Carter puts on vintage performance
By STEVE SIMMONS -- Toronto Sun
Vince Carter stood as the music blared, bobbing, weaving, shadow boxing with his fists.
He didn't just look like he was ready to start another season -- he looked like he was ready to fight Muhammad Ali.
And then the lights went dark at the Air Canada Centre, before Carter pounded on his chest, just above his heart, intentionally above his heart, before his sixth opening night as a Toronto Raptor began.
Before the best Raptors news of all. Better than a win against the defending Eastern champion, New Jersey Nets. Early season flash: Vince Carter is back.
He has bobbed and weaved before, thrown his punches at air and pounded his fists. Being pumped always has been part of his M.O. But this wasn't just pumped.
This was performance. This was turning back the clock and not gaining sleep.
This was Vince Carter on opening night, taking a lethargic team and grabbing them and carrying them and winning for them.
It has been a long time coming. If this is the beginning, it could be the beginning of a Raptors renaissance of sorts -- although making the playoffs would represent a renaissance for this team.
This season, like each of the past five seasons, begins and ends and evolves around Carter. Everyone else is somewhat moot -- the new coach, the new players, the apparent new style of play that didn't look all that new at times last night.
It is about Carter being the man. Carter being the star. Carter removing the doubts.
Carter being the top-five player that coach Kevin O'Neill publicly believes him to be. Even if you can count to five a hundred times and still not come up with his name.
But six or seven or eight ain't bad. And if this is what Carter is and will become -- then there isn't just reason for Raptor optimism, but reason to believe.
And in a league where stars are everything, he represents the only possibility here, If he plays the part of franchise player, the franchise has a chance. If he doesn't, then what?
Last night, Carter came off the bench from a brief fourth-quarter rest, with the game tied 73-73. By then he already had scored 30 points.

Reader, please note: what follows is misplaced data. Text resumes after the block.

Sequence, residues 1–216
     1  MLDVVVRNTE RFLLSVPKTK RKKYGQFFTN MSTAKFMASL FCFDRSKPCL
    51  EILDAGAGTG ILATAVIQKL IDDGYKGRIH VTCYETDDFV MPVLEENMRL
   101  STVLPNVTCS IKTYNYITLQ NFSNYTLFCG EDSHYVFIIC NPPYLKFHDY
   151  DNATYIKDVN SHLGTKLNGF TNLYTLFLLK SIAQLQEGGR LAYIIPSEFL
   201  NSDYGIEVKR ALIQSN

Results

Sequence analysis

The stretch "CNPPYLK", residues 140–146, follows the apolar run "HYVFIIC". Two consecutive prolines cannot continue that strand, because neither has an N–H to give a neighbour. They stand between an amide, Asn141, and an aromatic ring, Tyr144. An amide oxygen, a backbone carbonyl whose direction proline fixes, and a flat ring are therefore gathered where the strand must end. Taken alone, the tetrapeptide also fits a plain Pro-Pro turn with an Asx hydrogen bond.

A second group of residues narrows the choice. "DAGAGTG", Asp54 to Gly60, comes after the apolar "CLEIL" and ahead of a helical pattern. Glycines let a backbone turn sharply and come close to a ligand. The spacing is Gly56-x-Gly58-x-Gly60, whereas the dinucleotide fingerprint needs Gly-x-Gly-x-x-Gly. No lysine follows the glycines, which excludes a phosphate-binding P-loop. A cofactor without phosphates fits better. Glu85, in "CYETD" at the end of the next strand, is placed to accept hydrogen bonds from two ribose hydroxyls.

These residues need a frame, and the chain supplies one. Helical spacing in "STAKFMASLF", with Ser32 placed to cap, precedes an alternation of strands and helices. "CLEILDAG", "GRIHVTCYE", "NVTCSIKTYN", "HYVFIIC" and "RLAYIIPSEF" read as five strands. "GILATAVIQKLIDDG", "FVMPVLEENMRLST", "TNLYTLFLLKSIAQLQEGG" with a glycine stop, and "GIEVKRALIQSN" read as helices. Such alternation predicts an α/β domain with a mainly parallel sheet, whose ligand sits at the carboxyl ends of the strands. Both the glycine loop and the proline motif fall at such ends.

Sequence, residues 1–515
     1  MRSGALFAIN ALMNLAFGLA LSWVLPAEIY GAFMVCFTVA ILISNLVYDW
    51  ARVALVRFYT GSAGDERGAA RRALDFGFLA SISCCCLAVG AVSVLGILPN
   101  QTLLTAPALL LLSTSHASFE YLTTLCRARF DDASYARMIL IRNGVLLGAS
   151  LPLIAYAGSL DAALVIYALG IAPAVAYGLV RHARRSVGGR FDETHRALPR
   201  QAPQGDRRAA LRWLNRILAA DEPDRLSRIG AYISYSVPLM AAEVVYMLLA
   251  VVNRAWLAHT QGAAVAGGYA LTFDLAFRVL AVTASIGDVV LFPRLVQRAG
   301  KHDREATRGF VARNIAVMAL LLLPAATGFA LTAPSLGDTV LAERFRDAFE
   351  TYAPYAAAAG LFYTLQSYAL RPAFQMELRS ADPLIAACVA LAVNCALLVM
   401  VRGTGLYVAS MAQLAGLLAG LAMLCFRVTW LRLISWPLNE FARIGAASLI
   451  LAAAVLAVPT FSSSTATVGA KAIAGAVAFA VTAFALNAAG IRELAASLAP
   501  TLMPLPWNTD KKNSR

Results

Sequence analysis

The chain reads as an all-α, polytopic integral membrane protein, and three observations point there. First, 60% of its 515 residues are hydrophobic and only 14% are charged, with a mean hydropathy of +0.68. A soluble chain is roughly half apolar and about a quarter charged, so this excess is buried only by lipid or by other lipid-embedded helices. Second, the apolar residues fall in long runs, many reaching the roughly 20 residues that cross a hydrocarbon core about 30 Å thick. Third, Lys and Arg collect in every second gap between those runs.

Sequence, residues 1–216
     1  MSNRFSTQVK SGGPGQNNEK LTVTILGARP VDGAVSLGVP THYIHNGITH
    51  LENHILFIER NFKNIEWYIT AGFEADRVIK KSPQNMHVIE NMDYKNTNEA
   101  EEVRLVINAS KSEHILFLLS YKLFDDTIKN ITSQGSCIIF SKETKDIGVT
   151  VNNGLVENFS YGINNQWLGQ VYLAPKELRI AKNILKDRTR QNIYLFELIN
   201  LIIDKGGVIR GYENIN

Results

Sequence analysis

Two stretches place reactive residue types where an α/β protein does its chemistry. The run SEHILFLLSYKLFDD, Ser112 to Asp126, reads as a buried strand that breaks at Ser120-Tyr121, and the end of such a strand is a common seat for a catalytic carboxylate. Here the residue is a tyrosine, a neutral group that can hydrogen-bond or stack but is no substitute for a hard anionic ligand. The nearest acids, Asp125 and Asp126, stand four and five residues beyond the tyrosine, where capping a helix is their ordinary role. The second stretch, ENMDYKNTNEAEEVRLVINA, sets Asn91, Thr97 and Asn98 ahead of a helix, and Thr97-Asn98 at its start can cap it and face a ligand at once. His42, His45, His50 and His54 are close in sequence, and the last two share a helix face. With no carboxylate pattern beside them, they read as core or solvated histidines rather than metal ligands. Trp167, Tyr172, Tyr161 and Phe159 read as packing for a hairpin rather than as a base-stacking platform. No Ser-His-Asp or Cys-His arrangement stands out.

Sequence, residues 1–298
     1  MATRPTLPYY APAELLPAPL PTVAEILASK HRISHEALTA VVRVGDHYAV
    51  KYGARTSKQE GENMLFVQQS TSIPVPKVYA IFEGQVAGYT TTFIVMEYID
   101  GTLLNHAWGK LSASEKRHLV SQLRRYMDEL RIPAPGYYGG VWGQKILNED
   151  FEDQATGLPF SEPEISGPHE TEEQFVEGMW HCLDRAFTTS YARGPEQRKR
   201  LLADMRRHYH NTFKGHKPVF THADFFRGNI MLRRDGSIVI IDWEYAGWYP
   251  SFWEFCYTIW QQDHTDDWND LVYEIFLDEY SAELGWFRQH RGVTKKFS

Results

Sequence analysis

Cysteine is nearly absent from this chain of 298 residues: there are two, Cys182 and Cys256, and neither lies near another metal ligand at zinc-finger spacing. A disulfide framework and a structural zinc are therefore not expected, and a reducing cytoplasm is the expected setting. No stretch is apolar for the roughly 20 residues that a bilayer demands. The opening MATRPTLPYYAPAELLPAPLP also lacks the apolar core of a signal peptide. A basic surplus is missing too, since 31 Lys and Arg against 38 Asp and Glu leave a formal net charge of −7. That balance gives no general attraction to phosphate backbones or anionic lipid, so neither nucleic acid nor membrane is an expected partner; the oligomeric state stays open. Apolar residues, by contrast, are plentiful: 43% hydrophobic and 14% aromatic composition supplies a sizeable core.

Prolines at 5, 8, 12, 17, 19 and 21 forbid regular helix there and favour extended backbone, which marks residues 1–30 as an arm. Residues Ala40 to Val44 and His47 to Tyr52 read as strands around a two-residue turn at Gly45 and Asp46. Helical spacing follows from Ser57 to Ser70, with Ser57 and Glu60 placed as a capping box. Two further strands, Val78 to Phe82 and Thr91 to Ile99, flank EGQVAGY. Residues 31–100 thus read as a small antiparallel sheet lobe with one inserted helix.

But when it mattered, when it really mattered, he made nine of the next 13 points. He turned a loss into a win.
And only twice frightening the crowd with a moment of doubt. It is forever that way with Carter. You hold your breath because you really don't have any choice.
He goes to the basket in the first half and comes away wincing, rubbing his arm, his shoulder, his elbow. And you wince.
At the end of the third quarter, he crashed to the court and came up holding his ear. There are always those moments with Carter.
When you don't know. When you aren't certain. When you think he might be hurt again.
And then he played on. That's what this season is all about. Finding out about Carter. Defining and re-defining himself. Quieting the legion of critics. Playing like the star he believes himself to be and hasn't always been.
Thirty-nine points on opening night against the best team in the East. He couldn't have shouted any louder than that.
The music that blared at the beginning wasn't that apparent. And at one of the late timeouts, with the Raptors clinging to a lead, Carter spent much of the minute on the sidelines waving his arms again, playing to the crowd. The doubting public.
Last year, he hurt his left knee and his right knee and his ankle and his reputation. All have been repaired except his reputation.
More nights like last night and that will change too.